Civil Rights & Constitutional Law
Former Geauga County Health District worker sues District...
March 07, 2018
• Practice Areas • Practices • Constructive discharge
To qualify as a "constructive discharge," the law requires the employer’s conduct to be so severe or persuasive that it alters the conditions of the victim’s employment and creates an abusive working environment. Daniels v. Pike Cty. Commrs., 706 Fed.Appx. 281, 287 (6th Cir. 2017).
In at-will-employment states like Ohio, employers are legally permitted be rude, irrational, or just plain unfair.
Thus, it is challenging to prove that an employer’s conduct satisfies the "severe or pervasive" standard. Victims who are subjected to discrimination or harassment based on their race, color, national origin, sex or gender, disability, or age, are also bound by the "severe or pervasive" standard. In addition to showing that you faced discriminated based on your status in a protected class, you must show that the discrimination was so severe that it created an abusive working environment.
Courts apply a supposedly "objective" standard to determine if an employee has been constructively discharged over illegal discrimination or other legally protected conduct. Thus, a plaintiff must prove that a reasonable person in the plaintiff’s position would have felt compelled to resign. But you might be surprised at how skeptical courts can be, and how many cases are found not to be cases of constructive discharge.
Demonstrating that your work conditions are so intolerable that you are compelled to resign is not an easy task. Generally, courts have held that criticism in performance reviews alone are insufficient to constitute an objectively abusive environment. Agnew v. BASF Corp., 286 F.3d 307, 310 (6th Cir. 2002).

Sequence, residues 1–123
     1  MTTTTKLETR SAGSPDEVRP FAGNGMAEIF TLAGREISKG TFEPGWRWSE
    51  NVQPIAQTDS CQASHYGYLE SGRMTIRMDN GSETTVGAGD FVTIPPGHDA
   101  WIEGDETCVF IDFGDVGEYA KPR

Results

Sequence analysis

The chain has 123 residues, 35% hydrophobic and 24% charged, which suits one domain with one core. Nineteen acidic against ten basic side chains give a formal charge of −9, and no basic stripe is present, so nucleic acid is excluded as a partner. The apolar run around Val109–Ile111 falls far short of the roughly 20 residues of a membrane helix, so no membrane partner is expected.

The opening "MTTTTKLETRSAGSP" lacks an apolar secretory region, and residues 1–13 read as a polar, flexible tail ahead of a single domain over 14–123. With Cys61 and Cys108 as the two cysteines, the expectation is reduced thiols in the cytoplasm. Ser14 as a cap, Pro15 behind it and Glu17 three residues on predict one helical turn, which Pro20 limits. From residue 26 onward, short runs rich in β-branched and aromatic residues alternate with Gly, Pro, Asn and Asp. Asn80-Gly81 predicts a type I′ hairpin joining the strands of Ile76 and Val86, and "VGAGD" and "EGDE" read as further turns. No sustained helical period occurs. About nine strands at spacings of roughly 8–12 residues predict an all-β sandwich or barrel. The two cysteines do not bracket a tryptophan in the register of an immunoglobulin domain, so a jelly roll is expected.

When determining whether an employee was constructively discharged, courts carefully examine the facts of each case. Some factors include the following:
“An employee who quits a job in apprehension that conditions may deteriorate later is not constructively discharged.” Id. Thus, if you have not been subjected to severe or pervasive conduct, or if you prematurely resign from your job in anticipation that you will later be subjected to severe or pervasive conduct, the law will not protect you.
We encourage you to seek guidance from our experienced employment lawyers if you are unsure whether the discriminatory or harassing conduct you are experiencing is sufficient to meet the severe or pervasive standard.
Our Cleveland-based boutique litigation firm provides large-firm skills, experience, and resources with small-firm personal attention to your case's unique needs and goals. It is why clients throughout Ohio and across the United States have turned to our attorneys to hold businesses and employers accountable for constructive-discharge cases.
Our lawyers can send a strong message that you intend to seek the justice you deserve for the discrimination you face.
You can reach our firm, which serves clients throughout Ohio and the nation, by calling 216-578-1700 or by filling out our online contact form.
One of our intake specialists will take detailed information for attorney review. They are highly trained at obtaining the information needed to evaluate your case.
If you are preparing to complain about discrimination or constructive discharge, we can help you do it in a way that helps you fight back—with evidence—if you face retaliation for doing so.
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